As a long-time member and former president of the Arizona Asian American Bar Association, my goal continues to be the promotion of ethnic and gender diversity in Arizona’s legal practice, which I believe will benefit both our legal practitioners and our citizens.
I have practiced civil litigation across many of Arizona’s courtrooms since 2004. I currently focus primarily on representing individuals who have been injured. For the majority of my clients, this is their first direct experience with the American justice system and being in court. My clients have come from a variety of different economic and ethnic backgrounds over the years.
To this day, however, the demographics within Arizona’s justice system, whether it’s judges, attorneys, arbitrators, or mediators, do not reflect Arizona’s broad demographical diversity. This creates some distance between individual citizens and those responsible for helping them resolve legal problems.
I am honored to help my clients navigate the path to justice, but the Arizona justice system does not yet resemble our diverse community, creating a risk of cultural bias.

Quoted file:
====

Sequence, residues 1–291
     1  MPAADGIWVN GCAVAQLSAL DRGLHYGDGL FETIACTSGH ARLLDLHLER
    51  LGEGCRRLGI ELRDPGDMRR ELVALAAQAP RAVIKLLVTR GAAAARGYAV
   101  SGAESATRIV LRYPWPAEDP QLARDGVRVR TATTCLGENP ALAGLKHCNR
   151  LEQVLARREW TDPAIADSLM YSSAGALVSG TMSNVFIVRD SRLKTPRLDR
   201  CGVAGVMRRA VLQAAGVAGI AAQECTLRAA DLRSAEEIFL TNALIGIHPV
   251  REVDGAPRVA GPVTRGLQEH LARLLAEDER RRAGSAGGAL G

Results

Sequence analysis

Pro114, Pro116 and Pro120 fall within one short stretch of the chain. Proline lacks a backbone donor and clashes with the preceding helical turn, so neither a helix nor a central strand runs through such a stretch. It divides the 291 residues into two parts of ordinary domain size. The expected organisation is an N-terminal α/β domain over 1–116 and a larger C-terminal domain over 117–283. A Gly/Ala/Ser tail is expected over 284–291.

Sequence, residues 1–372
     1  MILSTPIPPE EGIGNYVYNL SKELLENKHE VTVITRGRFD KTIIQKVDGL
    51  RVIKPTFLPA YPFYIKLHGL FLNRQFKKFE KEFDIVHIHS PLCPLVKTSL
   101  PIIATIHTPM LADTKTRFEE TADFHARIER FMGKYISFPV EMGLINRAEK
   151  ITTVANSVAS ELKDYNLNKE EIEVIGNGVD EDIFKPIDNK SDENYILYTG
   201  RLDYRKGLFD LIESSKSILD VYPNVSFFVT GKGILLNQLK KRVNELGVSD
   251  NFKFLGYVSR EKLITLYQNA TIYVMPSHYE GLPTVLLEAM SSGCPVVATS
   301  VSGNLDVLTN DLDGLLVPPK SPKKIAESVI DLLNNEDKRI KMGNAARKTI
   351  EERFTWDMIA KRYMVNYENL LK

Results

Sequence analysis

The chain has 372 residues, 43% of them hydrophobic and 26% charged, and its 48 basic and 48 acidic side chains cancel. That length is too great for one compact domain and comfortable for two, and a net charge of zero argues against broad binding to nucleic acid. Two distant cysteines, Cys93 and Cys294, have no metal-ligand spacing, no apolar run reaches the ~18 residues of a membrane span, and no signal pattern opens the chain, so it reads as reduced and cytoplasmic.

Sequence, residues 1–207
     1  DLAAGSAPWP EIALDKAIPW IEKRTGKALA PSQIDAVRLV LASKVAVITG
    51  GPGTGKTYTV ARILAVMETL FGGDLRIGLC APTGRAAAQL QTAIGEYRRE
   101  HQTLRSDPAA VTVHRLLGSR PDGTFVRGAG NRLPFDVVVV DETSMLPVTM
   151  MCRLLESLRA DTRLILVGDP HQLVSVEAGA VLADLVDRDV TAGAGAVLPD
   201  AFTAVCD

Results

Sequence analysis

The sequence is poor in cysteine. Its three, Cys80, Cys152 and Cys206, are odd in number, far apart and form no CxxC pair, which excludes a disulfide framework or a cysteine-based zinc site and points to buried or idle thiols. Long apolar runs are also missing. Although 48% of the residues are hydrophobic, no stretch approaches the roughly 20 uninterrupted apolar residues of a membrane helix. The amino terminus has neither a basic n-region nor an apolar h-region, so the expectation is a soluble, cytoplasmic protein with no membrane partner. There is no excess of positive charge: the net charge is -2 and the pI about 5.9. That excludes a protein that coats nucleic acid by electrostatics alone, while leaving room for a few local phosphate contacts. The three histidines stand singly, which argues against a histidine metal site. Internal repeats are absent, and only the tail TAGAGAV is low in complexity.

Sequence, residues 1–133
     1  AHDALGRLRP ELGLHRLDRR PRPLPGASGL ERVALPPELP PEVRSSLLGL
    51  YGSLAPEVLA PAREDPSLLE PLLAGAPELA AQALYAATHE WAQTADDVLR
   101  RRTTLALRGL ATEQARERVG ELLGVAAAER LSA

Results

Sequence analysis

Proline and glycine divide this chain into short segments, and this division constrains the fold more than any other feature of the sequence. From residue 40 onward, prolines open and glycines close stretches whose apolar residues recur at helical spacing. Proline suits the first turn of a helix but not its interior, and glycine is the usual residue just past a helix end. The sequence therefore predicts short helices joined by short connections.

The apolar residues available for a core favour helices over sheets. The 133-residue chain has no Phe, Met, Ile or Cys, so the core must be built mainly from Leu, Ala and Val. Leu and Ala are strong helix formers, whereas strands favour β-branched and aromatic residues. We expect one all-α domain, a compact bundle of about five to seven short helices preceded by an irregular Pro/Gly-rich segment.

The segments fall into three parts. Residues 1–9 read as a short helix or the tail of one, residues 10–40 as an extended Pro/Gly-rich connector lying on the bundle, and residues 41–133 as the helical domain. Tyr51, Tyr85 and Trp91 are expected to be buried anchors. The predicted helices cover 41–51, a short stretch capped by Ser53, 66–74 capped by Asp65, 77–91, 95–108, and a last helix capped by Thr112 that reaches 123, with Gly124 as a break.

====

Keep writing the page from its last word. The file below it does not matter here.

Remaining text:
For example, to comply with mandatory dispute resolution rules, parties to a lawsuit often agree to private mediation. Parties select from a limited pool of possible mediators, but the pool largely consists of Caucasian males. I have recommended additional qualified mediators who are women or of a different national origin or cultural background, but these individuals are few and far between. As a result, it is extremely rare for parties to agree on an experienced mediator who is female or a person of color.
By continuing to work and contribute to this organization, we can achieve greater diversity in the mediator pool and elsewhere throughout the Arizona legal landscape.
Arizona’s legal community still needs to work on creating more opportunities for inclusion and diversity in our legal practice, but the community is slowly changing for the better. I dedicate much of my free time to attending and supporting Arizona Asian American Bar Association events such as the 23rd Annual Scholarship Awards and Installation Banquet this March 28, 2019.
This event is packed with supporters of diversity and inclusion in the legal profession.
We encourage all our friends and supporters, regardless of ethnicity, to join our organization and participate in our events. Attending events throughout the year shows your support and shared belief in the goal of increasing diversity in the legal profession.
The more voices who join to support diversity in our legal profession, the closer we will get to a legal community that resembles our state population, understands the unique experiences minorities face, and applies the law more fairly. AMANDA S. CHUA